Outline Business Case Template

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					Outline Business Case Template

  1. What are the business drivers for the proposal?

  The starting point is to list the reasons/justifications for potentially entering
  into a service delivery partnership. For reference examples of business
  drivers include:
      • The service needs an additional range of skills experience or
      • The service requires capital investment which would otherwise not
         be forthcoming
      • The need to be more innovative in adopting best practice
         initiatives/leading edge service delivery
      • If the proposal is implemented, auditable cashable and/or non-
         cashable efficiencies are confidently anticipated
      • The need to share/reduce risk with another organisation
      • If the proposal is implemented service quality benefits are
         confidently anticipated
      • To gain access to grant funding which acting alone would not be
      • The opportunity to reduce duplication through convergence of
         processes & systems between organisations
      • The opportunity to enhance business continuity and embed
         continuous improved performance in terms of both business
         recovery after an incident and workforce/succession planning

  2. Organisational context

  All proposals need to be considered in the context of the wider Council
  objectives e.g.
      • Would the proposal contribute to the delivery of a Corporate
         Strategy objective or local area agreement priority?
      • Does the proposal directly contribute to the aspiration for a ‘Cleaner
         safer more prosperous’ Borough?
      • Would the proposal have an impact on organisational structure?
      • Would the proposal have an impact on or be dependant on the
         outcomes in other projects or service performance?

  3. Anticipated outcomes and timescales

  Having identified the business reasons/justifications for the proposal the
  next stage is to explain the anticipated outcomes and timescales for the
  procurement. Questions to address include:
     • What specific financial and service benefits are anticipated?
     • In terms of timescale why now, is this the most opportune moment?
     • How long is it estimated the strategic procurement will take to
     • By when is it estimated the first financial/service benefits will be
   •   What is the proposed duration of the strategic partnership?
   •   Is it proposed to have a phased or partial implementation to test the
       viability of the project?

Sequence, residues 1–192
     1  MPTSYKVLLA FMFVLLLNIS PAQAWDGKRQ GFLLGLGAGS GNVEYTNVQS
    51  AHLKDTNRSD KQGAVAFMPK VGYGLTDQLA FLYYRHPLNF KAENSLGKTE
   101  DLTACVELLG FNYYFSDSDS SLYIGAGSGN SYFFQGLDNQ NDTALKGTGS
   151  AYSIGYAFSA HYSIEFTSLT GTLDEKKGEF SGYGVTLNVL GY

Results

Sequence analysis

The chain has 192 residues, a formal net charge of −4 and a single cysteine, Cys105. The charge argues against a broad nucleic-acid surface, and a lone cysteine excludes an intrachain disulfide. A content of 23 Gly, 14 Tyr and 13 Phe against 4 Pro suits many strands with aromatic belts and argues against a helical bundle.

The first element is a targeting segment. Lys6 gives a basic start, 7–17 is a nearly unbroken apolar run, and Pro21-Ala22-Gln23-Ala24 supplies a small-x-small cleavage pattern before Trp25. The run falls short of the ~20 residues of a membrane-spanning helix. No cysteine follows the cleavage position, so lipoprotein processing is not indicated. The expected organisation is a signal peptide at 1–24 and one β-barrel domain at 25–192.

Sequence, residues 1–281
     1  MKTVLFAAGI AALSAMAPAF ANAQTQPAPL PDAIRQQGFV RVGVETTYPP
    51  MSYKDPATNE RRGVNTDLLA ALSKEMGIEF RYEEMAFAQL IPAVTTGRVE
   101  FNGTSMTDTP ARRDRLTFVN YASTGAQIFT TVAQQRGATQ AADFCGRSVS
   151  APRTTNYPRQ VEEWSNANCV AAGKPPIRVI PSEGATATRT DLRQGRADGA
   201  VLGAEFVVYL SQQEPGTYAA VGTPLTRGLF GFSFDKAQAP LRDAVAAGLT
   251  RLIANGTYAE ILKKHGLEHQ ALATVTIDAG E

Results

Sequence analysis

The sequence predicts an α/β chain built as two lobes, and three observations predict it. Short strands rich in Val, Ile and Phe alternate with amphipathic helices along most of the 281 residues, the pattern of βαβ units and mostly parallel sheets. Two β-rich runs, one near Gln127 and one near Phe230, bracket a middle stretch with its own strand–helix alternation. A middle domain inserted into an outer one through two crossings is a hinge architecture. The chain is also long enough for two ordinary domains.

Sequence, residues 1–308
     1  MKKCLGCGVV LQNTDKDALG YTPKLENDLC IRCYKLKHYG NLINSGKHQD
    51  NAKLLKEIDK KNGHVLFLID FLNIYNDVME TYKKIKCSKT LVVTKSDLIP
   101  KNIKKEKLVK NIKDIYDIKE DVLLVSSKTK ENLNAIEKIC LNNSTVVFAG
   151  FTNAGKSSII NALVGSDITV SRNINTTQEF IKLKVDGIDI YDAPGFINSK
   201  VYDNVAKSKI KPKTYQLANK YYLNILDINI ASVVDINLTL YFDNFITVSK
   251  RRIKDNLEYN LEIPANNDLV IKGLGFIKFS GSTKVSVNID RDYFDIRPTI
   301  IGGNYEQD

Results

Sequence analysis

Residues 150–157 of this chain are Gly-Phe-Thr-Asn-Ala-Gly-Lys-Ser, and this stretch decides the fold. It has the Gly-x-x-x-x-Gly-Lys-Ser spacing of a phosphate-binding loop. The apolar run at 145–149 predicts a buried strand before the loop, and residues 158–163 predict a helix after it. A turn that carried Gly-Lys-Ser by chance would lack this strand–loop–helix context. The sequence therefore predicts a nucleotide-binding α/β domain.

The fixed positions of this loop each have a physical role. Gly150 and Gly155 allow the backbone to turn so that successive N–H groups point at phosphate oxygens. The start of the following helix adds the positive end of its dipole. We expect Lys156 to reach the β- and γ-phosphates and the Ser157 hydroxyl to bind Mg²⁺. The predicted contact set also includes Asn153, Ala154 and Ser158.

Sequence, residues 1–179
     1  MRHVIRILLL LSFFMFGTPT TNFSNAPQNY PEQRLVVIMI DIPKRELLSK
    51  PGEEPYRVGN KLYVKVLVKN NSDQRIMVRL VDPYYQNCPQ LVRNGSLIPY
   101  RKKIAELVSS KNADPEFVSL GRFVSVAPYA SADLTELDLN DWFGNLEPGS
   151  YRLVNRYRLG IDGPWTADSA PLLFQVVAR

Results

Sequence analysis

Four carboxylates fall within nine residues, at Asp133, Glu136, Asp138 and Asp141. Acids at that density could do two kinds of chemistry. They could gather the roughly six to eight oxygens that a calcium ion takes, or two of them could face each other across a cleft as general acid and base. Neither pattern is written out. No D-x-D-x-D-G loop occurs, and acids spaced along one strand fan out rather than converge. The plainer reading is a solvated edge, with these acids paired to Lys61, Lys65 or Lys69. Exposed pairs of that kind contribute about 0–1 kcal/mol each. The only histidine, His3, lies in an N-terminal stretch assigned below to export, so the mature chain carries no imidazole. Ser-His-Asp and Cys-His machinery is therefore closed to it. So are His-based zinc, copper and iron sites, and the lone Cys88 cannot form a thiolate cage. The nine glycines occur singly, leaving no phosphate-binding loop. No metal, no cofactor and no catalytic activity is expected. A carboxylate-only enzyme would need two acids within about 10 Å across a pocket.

4. Research undertaken

As part of the business case it is important to provide key service data in
addition to knowledge of the market (including future development
proposals). This data should include:
   • Key baseline data for service e.g. number of FTE’s, process costs,
       assets/equipment required etc
   • Identification of potential service delivery partners
   • Benchmark of performance with other Hampshire authorities and
       nationally and/or with the private sector where appropriate
   • Is there new/proposed legislation or service developments that
       need to be prepared for?
   • What are the potential constraints that need to be taken into

5. Nature of the strategic partnership

In this section of the business case the nature of the proposed partnership
needs to be explained in terms of:
    • What would be the aims of the proposed partnership?
    • Is HBC’s role in the proposed partnership clear?
    • Is it clear whether the proposed partnership covers operational or
        strategic issues or both?
    • What are the expected successful outcomes of the proposed
    • What is the exit strategy?

6. Budget requirements and future projections

A critical element of the evaluation of any proposal is its forecast financial
impact. Items to consider include:
   • Forecast set up costs (primarily staff time) for implementing the
   • Explanation of any capital investment required and how it would be
   • Clarification of the financial cost/benefit sharing for the proposed
   • Explanation of grant funding which could become available
   • Forecast savings or added costs (costs may have to increase
        initially before savings accrue) over the duration of the proposed
   • Outline of the financial risks of entering into the proposed
   • Estimate of the costs associated with the proposed exit strategy
7. Supporting documentation

Any proposed strategic procurement would be a new project. As such it is
important to ensure that the standard approach to projects at HBC is
followed by drafting a project initiation document (PID) and risk register
(see Form Zone – Projects for templates).

8. Advice and support

If you have any questions or require some guidance in completing an
outline business case please see Richard Walton the Strategic Services
Adviser located in room 136.